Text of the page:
Isabella Blow, who devastatingly took her own life three years ago, was my idol growing up. Though an esteemed fashion editor, it was mostly her iconic hats that made me fall in love with her. So when she discovered and launched the career of (Lee) Alexander McQueen, I took notice. I may have been leading a mundane ponytailed high school existence with days consumed by the school paper and dance team practice, but at night I was clipping out McQueen images from magazines and pasting them up inside my closet, obsessed with the designer who taught me that beauty and horror can co-exist.
Alexander McQueen established himself as fashion's bad boy early in his career, a moniker I always disliked, but that he seemed to enjoy. His first collections in London were as despised as they were revered, and his attitude toward the norms of the industry incited established designers to label him a hooligan. McQueen loved pointing out the silliness of the fashion world, taping interviews with his back to the camera and closing a show by mooning the audience instead of taking the traditional designer bow.
I was mesmerized by his time spent at Givenchy, where he was able to make his theatrical vision a reality on the runway. Many considered his career at Givenchy a failure (he even called his first collection crap). The house known for dressing Audrey Hepburn in chic and feminine gowns did not seem an appropriate fit for McQueen's avant garde style. But the designer used his brief tenure there to set a new industry standard for imaginative runway presentations, particularly when double amputee model Aimee Mullins walked down his runway wearing elaborately carved wooden legs.
Shortly after, he had Shalom Harlow spray painted by car factory robots.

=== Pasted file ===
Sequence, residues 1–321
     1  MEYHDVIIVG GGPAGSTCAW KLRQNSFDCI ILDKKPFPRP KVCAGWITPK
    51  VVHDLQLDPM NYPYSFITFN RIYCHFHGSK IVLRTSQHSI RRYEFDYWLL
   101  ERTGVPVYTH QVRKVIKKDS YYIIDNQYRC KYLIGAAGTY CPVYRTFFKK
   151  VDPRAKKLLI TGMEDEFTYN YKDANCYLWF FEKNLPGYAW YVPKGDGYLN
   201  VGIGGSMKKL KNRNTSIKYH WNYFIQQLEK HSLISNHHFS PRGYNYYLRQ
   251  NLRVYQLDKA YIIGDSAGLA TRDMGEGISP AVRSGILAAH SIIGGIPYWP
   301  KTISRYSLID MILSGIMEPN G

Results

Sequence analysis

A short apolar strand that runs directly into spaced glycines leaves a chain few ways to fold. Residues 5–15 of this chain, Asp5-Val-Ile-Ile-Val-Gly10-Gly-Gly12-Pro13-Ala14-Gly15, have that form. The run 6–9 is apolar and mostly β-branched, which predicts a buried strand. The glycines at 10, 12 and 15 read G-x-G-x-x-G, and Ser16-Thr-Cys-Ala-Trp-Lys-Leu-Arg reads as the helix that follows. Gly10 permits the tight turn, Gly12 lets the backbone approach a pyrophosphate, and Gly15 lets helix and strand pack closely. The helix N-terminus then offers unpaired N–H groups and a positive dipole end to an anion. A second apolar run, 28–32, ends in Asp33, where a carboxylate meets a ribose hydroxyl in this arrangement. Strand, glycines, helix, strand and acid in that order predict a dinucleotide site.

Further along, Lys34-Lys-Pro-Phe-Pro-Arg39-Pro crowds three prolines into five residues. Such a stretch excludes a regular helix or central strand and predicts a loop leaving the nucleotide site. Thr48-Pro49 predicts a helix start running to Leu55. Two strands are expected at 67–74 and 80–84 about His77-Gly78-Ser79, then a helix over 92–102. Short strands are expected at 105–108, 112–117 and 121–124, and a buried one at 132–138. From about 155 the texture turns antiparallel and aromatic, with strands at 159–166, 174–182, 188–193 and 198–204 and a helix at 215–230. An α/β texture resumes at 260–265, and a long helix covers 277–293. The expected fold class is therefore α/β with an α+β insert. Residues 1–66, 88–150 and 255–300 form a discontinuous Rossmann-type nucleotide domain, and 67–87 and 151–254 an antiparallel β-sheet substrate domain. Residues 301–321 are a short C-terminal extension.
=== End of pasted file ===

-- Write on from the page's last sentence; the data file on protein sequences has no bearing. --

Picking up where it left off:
And in 2006 he transformed Kate Moss into a ghostly hologram.
In his last presentation, he took his showmanship to new levels with the frighteningly beautiful production "Plato's Atlantis."
When Gwyneth Paltrow was eviscerated by the fashion press for wearing breast-baring McQueen to the Academy Awards in 2002, I was overjoyed that a stereotypical Hollywood "ingenue" and "starlet" (or any other insulting and infantalizing term that you can imagine) was screaming "Fuck you!" in McQueen. Because McQueen was more than a designer, he was a language. And whatever you said, if you said it in McQueen, it translated to "I am not the woman you want to fuck. I am the woman you do not want to fuck with."
McQueen was always a polarizing figure, particularly when it came to feminism. Early in his career, he was vilified as a misogynist for exploring the Highland clearance in his legendary "Highland Rape" collection. More recently, he came under fire for dressing models in painful corsets and unwalkable heels, a decision that many argued further subjugated women.
Meanwhile, other critics praised him for his fearsome and empowering designs that portrayed women as predatory, sometimes unsexed, as Lady Macbeth would have said. Despite all of the controversy and debate, he always struck me as a lover of women, constantly celebrating the strangeness and the bewitching character of the alleged fairer sex. His themes were somehow both frail and hostile, as if he were a frightened child lashing out at the world through his art.
Alexander McQueen was many things: a master tailor, a shock artist, a rogue taxidermist, and a lover of all things both terrifying and beautiful, the macabre and the transcendent, the gothic and heavenly. He was a black star and a supernova, united as sartorial maestro. How could a man capable of such artistic darkness also create visions of such imaginative romance?
I know that people often react to suicide by asserting that the act is selfish and cowardly, and maybe that's true. But aren't we're all selfish and frightened? And perhaps it was selfish of us to expect so much, to crave so much from McQueen the artist, a soul so fragile and deeply troubled. I don't know if there is an afterlife, but I hope that Alexander McQueen and Isabella Blow are somewhere out there together, somewhere magical and safe.
What a wonderfully strange and magnificent man he was, and what a devastating loss for us all.